Leadership

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8 Min Read

The Future Is Now: 7 Considerations for Nonprofit Leaders

Nonprofit, church, and cause leaders should be incredibly bullish about the present and the future. The result of the pandemic has impacted “business as usual” realities. The veracity of current operating models was already waning. They were working good enough to kick the can down the proverbial road just a little longer. But, those formulas, forged in the midst of assumptions that are no longer true, are simply going to continue to underperform.

You can hang on as long as you want. But the strength of your topline contributions and revenue is under threat—unless you take action to repair the mitigating realities lurking under the surface.

We’ve been studying nonprofit, church, and cause databases since 2007. Few have wanted to change even though there was ample evidence to do so. But that evidence can no longer be ignored.

Simply increasing top-line contributions will not be enough to resolve the ineffectiveness of past operating systems to support and sustain programs and ministries.

The protracted impact of the pandemic has offered nonprofit, church, and cause leaders a gift: the opportunity to let go of what wasn’t working and take on what will work.

Agility is a strategic imperative, not a suggestion.

There will be more variables than constants during this disruptive season. Nonetheless, the insights and breakthroughs realized will yield incredible transformation that will lower the friction of solving—or perhaps even eliminating—the systemic inequities and deficiencies around the world in a material way.

So, buckle up. It’s going to be a bumpy ride. But the result is going to be worth the challenge of getting there.

7 Things Every Nonprofit, Church, and Cause Leader Needs to Consider Now

  1. Time for a lineup change. Your pre-pandemic leadership team is likely not your post-pandemic leadership team. Either your leadership changes or you change your leadership.
  2. Every decision needs to be informed, supported, and driven by data. Data is not a department; it's a leadership skill.
  3. Technology and AI are required to deliver mass personalization. The donor brings their consumer expectations to their nonprofit experience. And it's never been cheaper, easier, or faster to deliver a customized experience.
  4. Decentralized, interdependent, and interdisciplinary teams need to replace departments and functions. Speed to market, failure, and learning is essential for success … now!
  5. Appreciation, retention, and upgrade strategies are the catalyst for predictable growth. Unrestricted, contribution-driven capital will be your primary evidence of successfully enrolling your core supporters into the world of possibilities and potential. A lack of this spells not only financial struggle but the erosion of support moving forward that will likely never be recovered.
  6. Moving general donors to subscription-based, recurring gifts will be a normalizing reality that will provide stability for any future pivots. Mid-Level and Major Donors will provide the investment capital necessary to build the infrastructure for the future. That means the shareholder mentality needs to drive everything.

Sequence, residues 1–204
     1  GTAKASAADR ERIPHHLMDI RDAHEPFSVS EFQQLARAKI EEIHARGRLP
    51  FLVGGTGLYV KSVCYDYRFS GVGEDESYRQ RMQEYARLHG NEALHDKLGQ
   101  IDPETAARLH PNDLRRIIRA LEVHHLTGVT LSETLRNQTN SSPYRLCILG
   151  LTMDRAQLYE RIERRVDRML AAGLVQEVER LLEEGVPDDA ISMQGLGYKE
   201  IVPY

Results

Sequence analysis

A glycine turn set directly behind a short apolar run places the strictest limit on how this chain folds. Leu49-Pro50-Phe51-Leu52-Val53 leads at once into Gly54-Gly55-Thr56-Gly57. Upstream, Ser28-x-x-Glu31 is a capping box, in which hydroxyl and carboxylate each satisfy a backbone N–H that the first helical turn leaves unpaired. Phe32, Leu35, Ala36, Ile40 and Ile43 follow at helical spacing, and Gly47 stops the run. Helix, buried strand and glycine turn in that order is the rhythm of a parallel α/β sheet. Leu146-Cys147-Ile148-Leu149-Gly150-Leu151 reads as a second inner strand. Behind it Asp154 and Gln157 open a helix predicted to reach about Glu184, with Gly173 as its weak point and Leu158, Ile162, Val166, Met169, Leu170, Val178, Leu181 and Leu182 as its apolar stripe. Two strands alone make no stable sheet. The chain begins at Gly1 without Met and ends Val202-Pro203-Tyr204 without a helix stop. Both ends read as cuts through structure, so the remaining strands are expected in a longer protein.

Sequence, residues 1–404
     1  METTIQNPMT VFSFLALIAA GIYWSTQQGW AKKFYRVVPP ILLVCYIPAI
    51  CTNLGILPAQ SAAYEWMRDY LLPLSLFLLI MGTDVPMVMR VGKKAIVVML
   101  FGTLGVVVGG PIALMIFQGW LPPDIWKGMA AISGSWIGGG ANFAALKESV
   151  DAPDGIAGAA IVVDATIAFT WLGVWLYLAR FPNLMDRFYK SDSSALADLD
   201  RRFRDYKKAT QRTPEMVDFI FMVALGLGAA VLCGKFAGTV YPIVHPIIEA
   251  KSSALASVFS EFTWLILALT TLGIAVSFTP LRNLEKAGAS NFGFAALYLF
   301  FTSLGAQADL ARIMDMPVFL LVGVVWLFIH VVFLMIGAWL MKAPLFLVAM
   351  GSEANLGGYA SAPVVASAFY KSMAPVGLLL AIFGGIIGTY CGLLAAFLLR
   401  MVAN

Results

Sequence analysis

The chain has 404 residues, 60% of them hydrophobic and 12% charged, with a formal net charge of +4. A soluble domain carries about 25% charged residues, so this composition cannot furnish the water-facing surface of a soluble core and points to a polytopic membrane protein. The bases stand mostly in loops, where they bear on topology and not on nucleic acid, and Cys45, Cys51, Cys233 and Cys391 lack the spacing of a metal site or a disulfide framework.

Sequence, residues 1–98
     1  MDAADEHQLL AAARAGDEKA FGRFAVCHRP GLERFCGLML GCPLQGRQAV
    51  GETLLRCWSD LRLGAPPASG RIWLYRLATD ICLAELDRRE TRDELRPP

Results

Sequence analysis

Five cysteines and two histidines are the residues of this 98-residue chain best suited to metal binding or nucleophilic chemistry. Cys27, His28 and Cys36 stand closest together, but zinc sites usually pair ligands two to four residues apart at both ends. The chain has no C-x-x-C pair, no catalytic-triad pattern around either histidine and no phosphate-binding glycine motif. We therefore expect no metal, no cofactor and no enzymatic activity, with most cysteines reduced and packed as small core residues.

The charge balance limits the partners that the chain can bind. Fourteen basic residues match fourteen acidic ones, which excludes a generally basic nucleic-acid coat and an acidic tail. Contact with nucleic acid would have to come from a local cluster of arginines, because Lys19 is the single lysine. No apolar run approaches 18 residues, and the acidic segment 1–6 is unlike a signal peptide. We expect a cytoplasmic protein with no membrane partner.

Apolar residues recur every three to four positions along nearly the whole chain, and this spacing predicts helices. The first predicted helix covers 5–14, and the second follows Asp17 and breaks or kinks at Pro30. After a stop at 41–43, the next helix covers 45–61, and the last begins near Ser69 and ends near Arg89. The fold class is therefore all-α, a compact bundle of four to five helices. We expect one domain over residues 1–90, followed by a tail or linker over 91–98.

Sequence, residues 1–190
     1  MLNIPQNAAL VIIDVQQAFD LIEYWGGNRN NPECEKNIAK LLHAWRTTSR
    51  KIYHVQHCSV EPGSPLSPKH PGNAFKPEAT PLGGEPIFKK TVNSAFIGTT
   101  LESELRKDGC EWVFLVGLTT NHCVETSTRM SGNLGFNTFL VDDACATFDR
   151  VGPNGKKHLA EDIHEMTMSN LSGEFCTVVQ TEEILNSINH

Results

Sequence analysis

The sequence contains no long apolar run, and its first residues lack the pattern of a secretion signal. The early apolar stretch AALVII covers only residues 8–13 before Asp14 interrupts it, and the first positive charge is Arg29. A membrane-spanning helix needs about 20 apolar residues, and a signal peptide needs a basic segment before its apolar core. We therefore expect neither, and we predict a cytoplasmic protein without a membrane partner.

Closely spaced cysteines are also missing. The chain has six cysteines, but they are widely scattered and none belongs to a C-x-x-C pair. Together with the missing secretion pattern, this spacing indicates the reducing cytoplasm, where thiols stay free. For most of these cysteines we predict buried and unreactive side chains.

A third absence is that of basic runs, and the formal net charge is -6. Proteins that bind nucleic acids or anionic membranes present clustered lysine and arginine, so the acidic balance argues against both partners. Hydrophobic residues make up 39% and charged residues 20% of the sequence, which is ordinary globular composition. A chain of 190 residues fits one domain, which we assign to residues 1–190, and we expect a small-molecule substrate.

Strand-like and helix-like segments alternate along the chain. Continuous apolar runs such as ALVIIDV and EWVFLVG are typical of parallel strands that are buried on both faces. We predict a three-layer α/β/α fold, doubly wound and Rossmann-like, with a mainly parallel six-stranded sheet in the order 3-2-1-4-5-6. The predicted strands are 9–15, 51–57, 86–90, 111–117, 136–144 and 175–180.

7. A culture of learning is critical. If you're not pushing yourself enough to experience failure, then you’re living in a limited reality on the tail of your previous successes. That "wave" will be shorter than most nonprofit leaders have ever experienced. The future will be built on the attempts and failures that lead to significant and substantial learning today. (Hint: Comfort is your enemy.)

The Future Is Now

The rate of change is happening faster than most organizations can assimilate and integrate into their workflows. Leaders recognize previous models and methods for strategic planning were not designed for an iterative leadership reality that mitigates risk through data-informed experimentation and adaption and results in people, processes, revenue, and growth systems that are in a constant state of evolution. It’s simply not possible to utilize familiar methods of organizational planning and expect to get a consistently positive return on investment of human and capital resources today.

If current realities are not resolved and left unaddressed, a decline in donor development, new funding opportunities, and an increase in mission delivery costs are almost certain. Business as usual leadership and decision-making are not going to deliver a healthy and sustainable organization moving forward. Therefore, new thinking will need to be employed that will result in new actions and, in turn, deliver new results.

​​Leading between now and next will not be easy. It will be met with hardship, disappointment, and frustrations. As long as leaders stay present in the tension between mission opportunities and actual capacity, the pathway forward will be clear, and the strength to carry on will be present.

Are you ready?

 


 

Ben Stroup is Chief Growth Architect and President at Velocity Strategy Solutions where he helps leaders design, develop, and deploy smarter business growth strategies. Ben is a futurist, disruptor, and data champion. He leads a team that takes a structured learning approach to business challenges, which allows them to assist leaders in bridging the gap between ideas, innovation, and revenue—taking ideas from mind to market.

Velocity Strategy Solutions is an on-demand, next-generation business strategy and management consulting firm which provides clients with a relentless focus on data, execution, and results that positively impact the bottom line. Velocity delivers integrated people and revenue strategies combined with a disciplined approach to growth architecture that elevates the capacity of leaders, teams, and organizations to succeed and win more.

Topics:   Leadership